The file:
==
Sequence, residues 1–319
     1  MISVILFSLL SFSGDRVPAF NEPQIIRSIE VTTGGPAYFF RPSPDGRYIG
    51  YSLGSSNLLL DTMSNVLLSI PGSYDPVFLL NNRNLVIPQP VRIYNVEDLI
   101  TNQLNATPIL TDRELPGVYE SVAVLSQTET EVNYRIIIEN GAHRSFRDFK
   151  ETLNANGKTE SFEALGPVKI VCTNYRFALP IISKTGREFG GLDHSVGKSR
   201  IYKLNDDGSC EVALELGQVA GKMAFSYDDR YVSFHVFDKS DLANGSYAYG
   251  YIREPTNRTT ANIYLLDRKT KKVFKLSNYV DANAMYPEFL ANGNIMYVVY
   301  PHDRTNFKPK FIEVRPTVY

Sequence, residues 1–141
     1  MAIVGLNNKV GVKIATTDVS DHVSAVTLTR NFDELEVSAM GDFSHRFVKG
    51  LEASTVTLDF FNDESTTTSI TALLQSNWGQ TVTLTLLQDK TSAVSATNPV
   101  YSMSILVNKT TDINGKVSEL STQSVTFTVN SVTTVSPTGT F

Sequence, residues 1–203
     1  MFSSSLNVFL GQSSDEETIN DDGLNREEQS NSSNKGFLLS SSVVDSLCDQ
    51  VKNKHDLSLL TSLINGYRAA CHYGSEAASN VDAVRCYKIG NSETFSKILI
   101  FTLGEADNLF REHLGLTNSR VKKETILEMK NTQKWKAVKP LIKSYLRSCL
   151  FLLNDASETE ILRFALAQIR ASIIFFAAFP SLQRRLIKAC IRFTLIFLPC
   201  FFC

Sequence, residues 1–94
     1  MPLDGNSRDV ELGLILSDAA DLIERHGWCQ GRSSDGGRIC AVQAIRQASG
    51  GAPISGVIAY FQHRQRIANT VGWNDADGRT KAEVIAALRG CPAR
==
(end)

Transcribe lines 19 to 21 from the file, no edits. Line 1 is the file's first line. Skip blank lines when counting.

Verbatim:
Sequence, residues 1–94
     1  MPLDGNSRDV ELGLILSDAA DLIERHGWCQ GRSSDGGRIC AVQAIRQASG
    51  GAPISGVIAY FQHRQRIANT VGWNDADGRT KAEVIAALRG CPAR